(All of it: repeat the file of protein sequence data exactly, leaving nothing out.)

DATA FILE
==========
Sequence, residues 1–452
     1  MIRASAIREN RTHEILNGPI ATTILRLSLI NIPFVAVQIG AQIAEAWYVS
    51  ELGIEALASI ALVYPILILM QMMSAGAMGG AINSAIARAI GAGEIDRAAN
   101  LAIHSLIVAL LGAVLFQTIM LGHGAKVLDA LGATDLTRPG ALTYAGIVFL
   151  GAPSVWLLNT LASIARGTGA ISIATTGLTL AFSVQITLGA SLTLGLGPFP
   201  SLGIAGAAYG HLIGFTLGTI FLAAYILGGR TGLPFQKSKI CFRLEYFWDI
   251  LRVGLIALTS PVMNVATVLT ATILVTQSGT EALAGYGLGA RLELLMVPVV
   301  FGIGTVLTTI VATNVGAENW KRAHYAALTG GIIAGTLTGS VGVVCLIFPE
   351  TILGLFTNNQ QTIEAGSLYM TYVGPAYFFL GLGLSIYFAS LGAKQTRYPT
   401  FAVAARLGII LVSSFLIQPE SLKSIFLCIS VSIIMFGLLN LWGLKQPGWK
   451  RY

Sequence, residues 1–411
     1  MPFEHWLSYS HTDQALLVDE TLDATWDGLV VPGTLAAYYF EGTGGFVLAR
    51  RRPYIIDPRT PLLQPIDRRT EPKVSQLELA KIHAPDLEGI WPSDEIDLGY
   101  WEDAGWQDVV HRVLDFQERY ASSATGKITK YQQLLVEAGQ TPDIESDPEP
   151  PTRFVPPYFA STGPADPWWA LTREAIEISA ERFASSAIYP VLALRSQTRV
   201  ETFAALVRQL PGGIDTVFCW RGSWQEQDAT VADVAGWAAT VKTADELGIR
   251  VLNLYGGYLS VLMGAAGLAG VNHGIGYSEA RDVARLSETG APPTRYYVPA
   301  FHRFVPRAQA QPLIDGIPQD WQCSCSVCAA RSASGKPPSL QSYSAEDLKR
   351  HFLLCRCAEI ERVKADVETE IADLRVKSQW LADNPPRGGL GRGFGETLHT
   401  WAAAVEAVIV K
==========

Sequence, residues 1–452
     1  MIRASAIREN RTHEILNGPI ATTILRLSLI NIPFVAVQIG AQIAEAWYVS
    51  ELGIEALASI ALVYPILILM QMMSAGAMGG AINSAIARAI GAGEIDRAAN
   101  LAIHSLIVAL LGAVLFQTIM LGHGAKVLDA LGATDLTRPG ALTYAGIVFL
   151  GAPSVWLLNT LASIARGTGA ISIATTGLTL AFSVQITLGA SLTLGLGPFP
   201  SLGIAGAAYG HLIGFTLGTI FLAAYILGGR TGLPFQKSKI CFRLEYFWDI
   251  LRVGLIALTS PVMNVATVLT ATILVTQSGT EALAGYGLGA RLELLMVPVV
   301  FGIGTVLTTI VATNVGAENW KRAHYAALTG GIIAGTLTGS VGVVCLIFPE
   351  TILGLFTNNQ QTIEAGSLYM TYVGPAYFFL GLGLSIYFAS LGAKQTRYPT
   401  FAVAARLGII LVSSFLIQPE SLKSIFLCIS VSIIMFGLLN LWGLKQPGWK
   451  RY

Sequence, residues 1–411
     1  MPFEHWLSYS HTDQALLVDE TLDATWDGLV VPGTLAAYYF EGTGGFVLAR
    51  RRPYIIDPRT PLLQPIDRRT EPKVSQLELA KIHAPDLEGI WPSDEIDLGY
   101  WEDAGWQDVV HRVLDFQERY ASSATGKITK YQQLLVEAGQ TPDIESDPEP
   151  PTRFVPPYFA STGPADPWWA LTREAIEISA ERFASSAIYP VLALRSQTRV
   201  ETFAALVRQL PGGIDTVFCW RGSWQEQDAT VADVAGWAAT VKTADELGIR
   251  VLNLYGGYLS VLMGAAGLAG VNHGIGYSEA RDVARLSETG APPTRYYVPA
   301  FHRFVPRAQA QPLIDGIPQD WQCSCSVCAA RSASGKPPSL QSYSAEDLKR
   351  HFLLCRCAEI ERVKADVETE IADLRVKSQW LADNPPRGGL GRGFGETLHT
   401  WAAAVEAVIV K